As you prepare for the meet, you will want to establish realistic opening attempts for the kids. It is painful to watch someone who has trained hard for a meet and met the financial obligations to compete bomb out because they chose opening attempts that were just too heavy. The opener should be EASY! A good rule of thumb is that the opening attempt should be a weight that the lifter can do for 3-5 reps with a minimal warmup. Keep in mind that once lifting has started, attempts can’t be changed and the weight can’t be lowered. If a lifter opens with a 125kg squat but can’t get it, they cannot lower the weight to 115kg for the 2nd attempt. They will have to attempt at least 125kg on the 2nd attempt. It follows that a lifter who misses the opening squat attempt has dug themselves into a deep hole. The goal for all of your lifters is to get a total. That means at least one successful squat, bench press, and deadlift attempt. There is absolutely no excuse for missing an opener!
To help you at the meet, you will want to plan out the warmups, openers, and predicted second and third attempts for each of your lifters. Also, it is your responsibility to know if your kids have the opportunity to break records. For example, here’s the sheet I used for our kids who competed at the APF Raw Power Challenge Meet in December of 2020. Have a plan for how you are going to manage warmups. Most powerlifting meets use a system in which all the competing lifters are divided into “flights” (groups) of 10-15 lifters. Those lifters will complete all 3 attempts of a lift before the lifting moves to the next flight. Once all flights have completed the lift, the competition will move on to the next lift. Pay attention to where your kids are in the order. Most meets will have the flight order displayed. It’s a good idea to have a “meet rehearsal” to give the kids an idea what it will be like. There should be no surprises at the meet and the kids should know what to expect. For example, the person giving the kids a hand-off for the bench press in training is the same person who should be giving them a hand-off at the meet.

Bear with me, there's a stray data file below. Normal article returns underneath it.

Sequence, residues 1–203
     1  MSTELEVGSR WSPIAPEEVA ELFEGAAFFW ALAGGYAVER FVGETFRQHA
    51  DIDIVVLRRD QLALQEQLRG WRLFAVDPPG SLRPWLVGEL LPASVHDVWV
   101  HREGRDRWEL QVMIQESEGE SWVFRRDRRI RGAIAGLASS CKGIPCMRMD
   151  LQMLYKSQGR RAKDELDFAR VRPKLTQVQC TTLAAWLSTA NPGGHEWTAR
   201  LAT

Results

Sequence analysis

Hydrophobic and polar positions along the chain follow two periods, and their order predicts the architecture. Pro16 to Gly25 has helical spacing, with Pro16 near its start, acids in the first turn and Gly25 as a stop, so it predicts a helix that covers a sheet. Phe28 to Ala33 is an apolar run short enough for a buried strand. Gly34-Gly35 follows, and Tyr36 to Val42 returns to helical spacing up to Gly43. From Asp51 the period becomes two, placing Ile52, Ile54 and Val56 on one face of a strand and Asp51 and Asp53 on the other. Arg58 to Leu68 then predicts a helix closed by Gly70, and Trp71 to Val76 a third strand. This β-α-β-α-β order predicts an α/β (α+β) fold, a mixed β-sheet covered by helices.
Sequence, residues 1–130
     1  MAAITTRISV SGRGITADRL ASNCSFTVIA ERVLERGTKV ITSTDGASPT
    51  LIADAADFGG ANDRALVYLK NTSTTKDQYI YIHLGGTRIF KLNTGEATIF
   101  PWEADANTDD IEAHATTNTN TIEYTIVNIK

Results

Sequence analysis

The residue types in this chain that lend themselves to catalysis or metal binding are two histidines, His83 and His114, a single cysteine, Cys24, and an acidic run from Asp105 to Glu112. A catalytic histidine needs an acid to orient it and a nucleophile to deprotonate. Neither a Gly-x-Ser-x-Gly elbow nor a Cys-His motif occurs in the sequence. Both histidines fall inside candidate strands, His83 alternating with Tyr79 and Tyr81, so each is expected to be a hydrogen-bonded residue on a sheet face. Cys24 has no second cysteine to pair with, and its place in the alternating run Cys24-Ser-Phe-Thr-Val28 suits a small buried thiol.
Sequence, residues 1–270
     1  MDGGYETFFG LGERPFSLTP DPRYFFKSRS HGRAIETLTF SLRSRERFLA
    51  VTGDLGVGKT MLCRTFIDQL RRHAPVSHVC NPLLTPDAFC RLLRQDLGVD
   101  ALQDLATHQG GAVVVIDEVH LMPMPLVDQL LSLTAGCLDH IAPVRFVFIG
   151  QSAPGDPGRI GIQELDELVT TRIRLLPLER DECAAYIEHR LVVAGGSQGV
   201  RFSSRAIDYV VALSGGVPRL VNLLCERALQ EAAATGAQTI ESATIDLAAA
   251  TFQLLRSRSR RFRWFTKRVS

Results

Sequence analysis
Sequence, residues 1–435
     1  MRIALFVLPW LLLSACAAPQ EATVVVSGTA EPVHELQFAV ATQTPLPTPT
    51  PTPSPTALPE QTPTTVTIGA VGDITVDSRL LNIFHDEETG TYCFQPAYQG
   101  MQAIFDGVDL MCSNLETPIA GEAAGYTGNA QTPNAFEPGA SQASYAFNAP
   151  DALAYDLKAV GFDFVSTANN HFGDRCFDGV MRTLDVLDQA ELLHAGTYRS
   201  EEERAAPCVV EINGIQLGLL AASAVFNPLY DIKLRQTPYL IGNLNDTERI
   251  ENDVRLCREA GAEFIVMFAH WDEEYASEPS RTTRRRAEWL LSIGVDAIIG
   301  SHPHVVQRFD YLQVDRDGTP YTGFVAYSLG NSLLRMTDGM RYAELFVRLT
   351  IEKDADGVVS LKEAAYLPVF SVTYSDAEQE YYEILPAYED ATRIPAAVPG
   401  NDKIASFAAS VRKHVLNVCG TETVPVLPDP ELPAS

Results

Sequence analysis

Communicate to your lifters that after each attempt, they will need to report to the scorer’s table to give their next attempt. When giving 2nd and 3rd attempts to the head table, inform the meet officials if the attempt is for a record. They will usually announce before the attempt that the lifter is going for a record to get the crowd fired up.
This last thing is not necessary but it is something I like to have our kids do because it shows respect to the meet officials and to the sport. After the final attempt for each lift, I instruct our lifters to go to each of the three officials and give them a handshake (or fistbump due to Covid) and say thank you. The officials are usually older and they appreciate when kids take the time to thank them and to show their appreciation.
My wife, Bonnie, attends all our meets. She is our team photographer and videographer. After meets, she shares the pictures and videos she takes with lifters and parents. The kids really enjoy the pictures and having videos of their lifts. This is a great way to celebrate these achievements. Also, I will write up a “meet report” and submit it to local media along with some of Bonnie’s pictures. We have been very fortunate to have a positive response from many local newspapers, online media, and even local television stations in featuring and promoting our kids.
After the meet, it’s time to toast the kids! It’s going to be a long day and there will be both disappointments and celebrations. When the meet is over, take some time to recognize both!
Kaylee, Paul, Alanya, and Eli celebrate at Portillo’s after the APF Summer Bash meet in Lombard in 2019
I hope this article helps you. If you have any questions, please feel free to contact me at email@example.com.